The operating system and browser type are displayed for each connection. Sometimes Snapdrop can recognize the Linux distribution that a person is using. Failing that, a generic “Linux” label is used.
To initiate a file transfer to one of the other computers, click the computer icon or drag a file from a file browser onto the icon. Clicking the icon displays a file selection dialog.
Browse to the location of the file you want to send and select it. If you want to send many files, you can mark several at once. Click the “Open” button (off the screen in our screenshot) to send the file. A “File Receive” dialog box will appear on the destination computer to notify your recipient that a file has been sent to them.
They can choose to ignore or save the file. If they decide to save the file, a file browser will pop up so they can select where to save the file.
If the ‘Ask to save each file before downloading’ check box is checked, you will be prompted to select the location where you want to save each individual file. If not selected, all files in a single transmission will be saved in the same location as the first.
Surprisingly, there is no indication of where the file came from. But how do you know who the ivory louse or the blue chicken is? If you are in the same room, it is quite easy. If you are on different floors of the building, not so much.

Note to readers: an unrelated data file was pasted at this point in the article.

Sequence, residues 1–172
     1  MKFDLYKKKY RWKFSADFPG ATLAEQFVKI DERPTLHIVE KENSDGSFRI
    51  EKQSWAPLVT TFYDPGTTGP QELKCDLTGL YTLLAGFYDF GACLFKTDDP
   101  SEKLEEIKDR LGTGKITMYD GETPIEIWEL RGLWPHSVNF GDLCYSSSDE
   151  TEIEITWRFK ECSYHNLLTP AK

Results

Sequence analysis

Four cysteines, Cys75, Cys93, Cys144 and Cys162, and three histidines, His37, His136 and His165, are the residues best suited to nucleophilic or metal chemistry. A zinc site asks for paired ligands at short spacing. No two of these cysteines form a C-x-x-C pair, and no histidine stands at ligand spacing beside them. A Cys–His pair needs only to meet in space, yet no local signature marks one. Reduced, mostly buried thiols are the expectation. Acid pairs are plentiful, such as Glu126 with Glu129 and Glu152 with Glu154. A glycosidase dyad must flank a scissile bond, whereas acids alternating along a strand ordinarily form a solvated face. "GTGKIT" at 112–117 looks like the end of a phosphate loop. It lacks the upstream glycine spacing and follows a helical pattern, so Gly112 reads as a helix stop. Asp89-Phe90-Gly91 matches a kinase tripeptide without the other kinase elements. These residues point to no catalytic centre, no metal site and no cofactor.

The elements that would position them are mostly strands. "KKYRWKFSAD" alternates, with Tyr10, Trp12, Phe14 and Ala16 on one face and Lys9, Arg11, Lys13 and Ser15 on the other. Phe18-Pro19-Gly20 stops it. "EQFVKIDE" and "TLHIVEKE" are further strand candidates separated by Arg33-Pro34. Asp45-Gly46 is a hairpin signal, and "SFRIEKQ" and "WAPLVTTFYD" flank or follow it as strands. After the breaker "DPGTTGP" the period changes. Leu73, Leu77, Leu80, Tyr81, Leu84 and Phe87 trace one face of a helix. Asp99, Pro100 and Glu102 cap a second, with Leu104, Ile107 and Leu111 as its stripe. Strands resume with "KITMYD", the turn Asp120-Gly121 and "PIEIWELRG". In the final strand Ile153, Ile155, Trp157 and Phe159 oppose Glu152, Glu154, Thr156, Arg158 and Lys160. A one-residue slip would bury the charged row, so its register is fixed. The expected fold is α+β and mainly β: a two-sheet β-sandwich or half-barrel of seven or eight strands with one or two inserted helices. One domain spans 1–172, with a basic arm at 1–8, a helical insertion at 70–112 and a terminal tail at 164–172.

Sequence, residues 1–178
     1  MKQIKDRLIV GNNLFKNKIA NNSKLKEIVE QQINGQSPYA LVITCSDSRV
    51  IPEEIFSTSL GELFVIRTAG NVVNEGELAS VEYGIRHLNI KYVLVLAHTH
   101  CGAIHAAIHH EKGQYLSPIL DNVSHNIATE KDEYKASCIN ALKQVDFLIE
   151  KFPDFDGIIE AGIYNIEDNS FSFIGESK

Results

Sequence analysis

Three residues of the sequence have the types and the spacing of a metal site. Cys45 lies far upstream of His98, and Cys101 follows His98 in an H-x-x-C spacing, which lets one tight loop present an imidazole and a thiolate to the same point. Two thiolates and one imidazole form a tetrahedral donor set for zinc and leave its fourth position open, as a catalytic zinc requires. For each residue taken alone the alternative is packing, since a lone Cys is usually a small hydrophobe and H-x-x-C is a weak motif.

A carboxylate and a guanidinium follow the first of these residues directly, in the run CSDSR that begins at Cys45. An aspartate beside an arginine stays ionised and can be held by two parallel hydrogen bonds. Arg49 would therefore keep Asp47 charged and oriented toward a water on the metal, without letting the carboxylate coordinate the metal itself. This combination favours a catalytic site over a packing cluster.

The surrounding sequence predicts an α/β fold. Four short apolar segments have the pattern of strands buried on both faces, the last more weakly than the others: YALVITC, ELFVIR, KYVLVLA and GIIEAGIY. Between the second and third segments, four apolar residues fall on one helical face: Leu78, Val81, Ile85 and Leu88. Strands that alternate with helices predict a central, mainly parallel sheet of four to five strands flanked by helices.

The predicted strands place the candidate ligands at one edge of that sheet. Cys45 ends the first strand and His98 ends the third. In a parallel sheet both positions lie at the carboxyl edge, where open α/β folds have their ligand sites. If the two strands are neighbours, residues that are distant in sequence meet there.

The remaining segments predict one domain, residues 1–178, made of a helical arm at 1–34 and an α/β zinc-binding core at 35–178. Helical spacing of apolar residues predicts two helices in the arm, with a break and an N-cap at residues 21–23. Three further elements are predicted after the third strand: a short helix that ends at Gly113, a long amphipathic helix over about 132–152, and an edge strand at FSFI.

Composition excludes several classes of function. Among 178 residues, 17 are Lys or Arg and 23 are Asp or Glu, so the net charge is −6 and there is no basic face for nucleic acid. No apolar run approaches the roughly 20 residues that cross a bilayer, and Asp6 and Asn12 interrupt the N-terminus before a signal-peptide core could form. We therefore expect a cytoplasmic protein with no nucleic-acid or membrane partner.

It makes sense to let people know you’re sending them a file rather than just dropping one on them. If you right-click on a computer’s icon, you can send it a short message.
When you click the “Send” button, the message will appear on the target computer.
That way, the person you’re sending the file to won’t have to find out the Blue Chicken’s secret identity.
Snapdrop on Android
You can open the Snapdrop web app on your Android smartphone and it will work fine. If you’d rather have a dedicated app, one is available on the Google Play Store, but there is no app for iPhone or iPad. This is likely because iPhone users have AirDrop, but you can still use Snapdrop in a browser on an iPhone if you want.
The Android app is still under development. We had no issues using it when researching this article, but keep in mind that you may run into problems from time to time.
The interface is the same as the standard web browser interface. Tap an icon to send a file or long tap an icon to send someone a message.
With its minimalist, stripped-down design, Snapdrop doesn’t have many settings. Use the icons in the top right corner of your browser or Android app to access the settings (as they are).
The bell icon allows you to enable or disable system notifications. A dialog box will appear with two buttons in it. Click or tap the “Never allow” or “Allow notifications” button, depending on your preference.
The moon icon toggles dark mode on and off.
The information symbol – the small ‘i’ in a circle – gives you quick access to:
An elegant solution to a common problem
Sometimes you find yourself in situations where you have to find a solution that fits exactly within the technical comfort zone of the other. There is no reason anyone would find Snapdrop difficult to understand.
In fact, you will probably have to explain longer why they were baptized the Beige Capybara than you will have to explain what to do.